Edna O’Brien’s Country Girls Trilogy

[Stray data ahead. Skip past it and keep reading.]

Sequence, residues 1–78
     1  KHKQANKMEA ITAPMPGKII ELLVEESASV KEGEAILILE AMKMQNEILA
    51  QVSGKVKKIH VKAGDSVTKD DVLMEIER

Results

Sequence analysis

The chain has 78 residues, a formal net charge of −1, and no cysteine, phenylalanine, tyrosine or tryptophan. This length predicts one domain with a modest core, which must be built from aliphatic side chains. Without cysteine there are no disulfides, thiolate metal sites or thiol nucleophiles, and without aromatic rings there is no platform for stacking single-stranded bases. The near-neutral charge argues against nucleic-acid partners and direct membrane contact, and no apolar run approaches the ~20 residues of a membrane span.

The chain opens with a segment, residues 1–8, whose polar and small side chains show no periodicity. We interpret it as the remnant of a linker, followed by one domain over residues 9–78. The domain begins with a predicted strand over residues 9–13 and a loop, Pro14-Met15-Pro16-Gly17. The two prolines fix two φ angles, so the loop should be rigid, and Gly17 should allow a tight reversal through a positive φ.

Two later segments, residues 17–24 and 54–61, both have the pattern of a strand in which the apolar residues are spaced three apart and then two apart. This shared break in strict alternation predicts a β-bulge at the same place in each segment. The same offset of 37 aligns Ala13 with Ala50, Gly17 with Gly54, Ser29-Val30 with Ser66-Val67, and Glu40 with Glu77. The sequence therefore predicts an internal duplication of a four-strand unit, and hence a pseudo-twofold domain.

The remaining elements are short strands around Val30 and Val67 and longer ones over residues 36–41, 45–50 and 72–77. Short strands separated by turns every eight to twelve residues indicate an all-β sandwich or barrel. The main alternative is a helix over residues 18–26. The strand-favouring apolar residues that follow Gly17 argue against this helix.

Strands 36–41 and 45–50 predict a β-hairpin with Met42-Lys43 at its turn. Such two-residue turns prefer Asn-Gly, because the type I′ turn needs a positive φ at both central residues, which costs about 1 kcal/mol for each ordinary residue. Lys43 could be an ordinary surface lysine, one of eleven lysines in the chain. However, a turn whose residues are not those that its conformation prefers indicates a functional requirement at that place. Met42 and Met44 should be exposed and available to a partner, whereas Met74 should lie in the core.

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Edna O’Brien’s Country Girls Trilogy In all honesty, I chose to read The Country Girls Trilogy by Edna O’Brien because it was the only text that I could get my hands on. After reading it though, I’m glad I had the luck of choosing it. I realized, while reading the trilogy, that throughout my course of study, I have not read very many female authors. I may have read a few short stories along the way, but most books that I have read for classes and for pleasure have been written by men. I saw the difference in writing styles as I read the first paragraph of the book and immediately liked the change of pace and detail-oriented style. I also found that I really connected with the main characters, Caithleen and Baba, whose real name is Bridget. I found it interesting that I invested such interest in two characters whose personalities are so different from my own. Caithleen was the narrator in the first two books, and I found that I connected with her most because of her details and innocence. The trilogy represents three phases of these women’s lives from their girlhood, to losing loves and the trials of marriage. Through it all, their interesting friendship changes according to the events in their lives until a sad and untimely end. I’m not sure that that I would want a friendship like Caithleen and Baba’s, but at least that had each other in the end, when the rest of the world seemed to have forgotten them. The excerpt in Colm Toibin’s anthology, The Penguin book of Irish Fiction, is from the first book in O’Brien’s trilogy called The Country Girls. For purposes of this paper, I will discuss the excerpt itself, and then the rest of the first book of O’Brien’s trilogy. The Excerpt from The Country Girls was taken from chapter fourteen. In this passage, Baba and Caithleen have just moved to Dublin to live on their own. They moved into a boarding house run by a German couple and the girls feel as if they are finally living their lives. Baba is in search of a rich man to take care of her so that she no longer has to deal with the little people in life. She drags Caithleen, who goes by Cait, to dances and bars in hopes of finding whatever she can get.

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